World

Trump puts pressure on Turkey by doubling down on tariffs

Trump puts pressure on Turkey by doubling down on tariffs

President Recep Tayyip Erdogan vowed Saturday to defy U.S. "threats" over a detained pastor, showing no signs of concessions in a bitter row that has caused the Turkish lira to crash.

Reverberations spread through global markets, with European stock markets especially hit as investors took fright over banks' exposure to Turkey.

The 64-year-old also highlighted the major difficulty in battling the Kurdish insurgency which has full U.S. support for fighting Islamic State fighters in northern Syria.

The lira has lost more than 40 percent this year.

On August 10, Trump announced he had authorized the doubling of tariffs on steel and aluminum imports from Turkey.

The Turkish lira tumbled 16 per cent against the dollar on Friday.

President Recep Tayyip Erdogan said Washington would pay for challenging Turkey all for the sake of "petty calculations". While many of Turkey's challenges are specific to that country, there are certain characteristics - a heavy debt load following a prolonged, low USA interest-rate driven borrowing binge in dollars - broadly shared throughout emerging markets.

"President Erdogan's strengthened powers under the new presidential system have made it increasingly uncertain whether policymakers will be able to act to stabilize the economy", William Jackson, the chief emerging markets economist at Capital Economics in London, said.

Tariffs on Turkish aluminum are to be increased to 20 percent and steel tariffs are to be moved up to 50 percent, according to Trump.

When the lira crashed, Iran threatened Mr Trump and said that the "entire world would unite" and use "force" the USA to scrap the sanctions.




"Those who challenge a country like Turkey for the sake of petty calculations will pay a price both in our region and in their own politics", the Turkish leader said.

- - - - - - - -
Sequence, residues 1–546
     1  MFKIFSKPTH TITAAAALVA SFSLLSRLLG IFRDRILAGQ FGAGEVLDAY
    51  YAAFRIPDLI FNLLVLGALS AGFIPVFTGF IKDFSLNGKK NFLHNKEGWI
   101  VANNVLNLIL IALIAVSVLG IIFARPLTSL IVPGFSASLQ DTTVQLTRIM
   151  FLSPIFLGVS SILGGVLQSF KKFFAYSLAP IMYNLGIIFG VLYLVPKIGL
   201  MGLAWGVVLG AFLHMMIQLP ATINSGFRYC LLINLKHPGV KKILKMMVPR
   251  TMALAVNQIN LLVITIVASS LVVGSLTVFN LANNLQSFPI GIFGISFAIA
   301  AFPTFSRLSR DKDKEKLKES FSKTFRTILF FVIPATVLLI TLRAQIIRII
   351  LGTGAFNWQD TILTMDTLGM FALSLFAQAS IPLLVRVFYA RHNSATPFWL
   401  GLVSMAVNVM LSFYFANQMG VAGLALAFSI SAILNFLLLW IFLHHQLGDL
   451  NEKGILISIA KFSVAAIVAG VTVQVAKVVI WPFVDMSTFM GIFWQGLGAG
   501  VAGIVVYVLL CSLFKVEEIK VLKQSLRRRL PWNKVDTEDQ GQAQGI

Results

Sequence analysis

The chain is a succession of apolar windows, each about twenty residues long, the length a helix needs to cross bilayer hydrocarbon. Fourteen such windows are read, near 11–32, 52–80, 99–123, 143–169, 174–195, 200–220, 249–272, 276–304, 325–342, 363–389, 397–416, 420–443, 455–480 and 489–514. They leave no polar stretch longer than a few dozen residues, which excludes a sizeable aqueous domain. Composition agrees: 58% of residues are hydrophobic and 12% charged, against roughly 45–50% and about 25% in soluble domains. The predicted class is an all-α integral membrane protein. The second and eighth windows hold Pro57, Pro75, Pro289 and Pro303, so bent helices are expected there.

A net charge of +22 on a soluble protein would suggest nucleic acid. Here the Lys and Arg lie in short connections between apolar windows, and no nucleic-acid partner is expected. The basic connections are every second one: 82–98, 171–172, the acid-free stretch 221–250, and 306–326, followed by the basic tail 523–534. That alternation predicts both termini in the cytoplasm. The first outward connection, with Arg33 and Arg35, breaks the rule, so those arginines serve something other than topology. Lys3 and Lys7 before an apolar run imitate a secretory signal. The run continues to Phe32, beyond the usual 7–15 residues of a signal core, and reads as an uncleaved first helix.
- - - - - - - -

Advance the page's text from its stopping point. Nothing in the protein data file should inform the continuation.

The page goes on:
"We are gearing up for trade in national currencies with China, Russia, Iran, Ukraine, which account for the largest bilateral trade volume".

"The US runs the risk of losing Turkey as a whole".

Trump's decision to double tariffs on Turkey is another salvo in the growing dispute between the two North Atlantic Treaty Organisation allies.

The contagion of instability from Turkey into Europe may extend beyond the financial, should the country decide to or find itself no longer able to keep up with its end of the EU-Turkey agreement to stop the flow of Middle Eastern migrants across the Mediterranean into Greece, resulting in a second migrant crisis.

"If you have dollars, euros or gold under your pillow, go to banks to exchange them for Turkish lira".

He also repeated his call to Turks to sell their dollar and euro savings to shore up the lira.

Mr Trump has castigated Turkey for detaining American pastor Andrew Brunson, who is on trial for terrorism charges for allegedly associating with plotters of the failed 2016 coup against Mr Erdogan. Gulen denies the allegation.

Observers have noted how fighting for Mr Brunson's cause is likely to be popular with Mr Trump's evangelical base ahead of crucial mid-term elections this November.

Erdogan has blamed outside forces for trying to bring down Turkey's economy.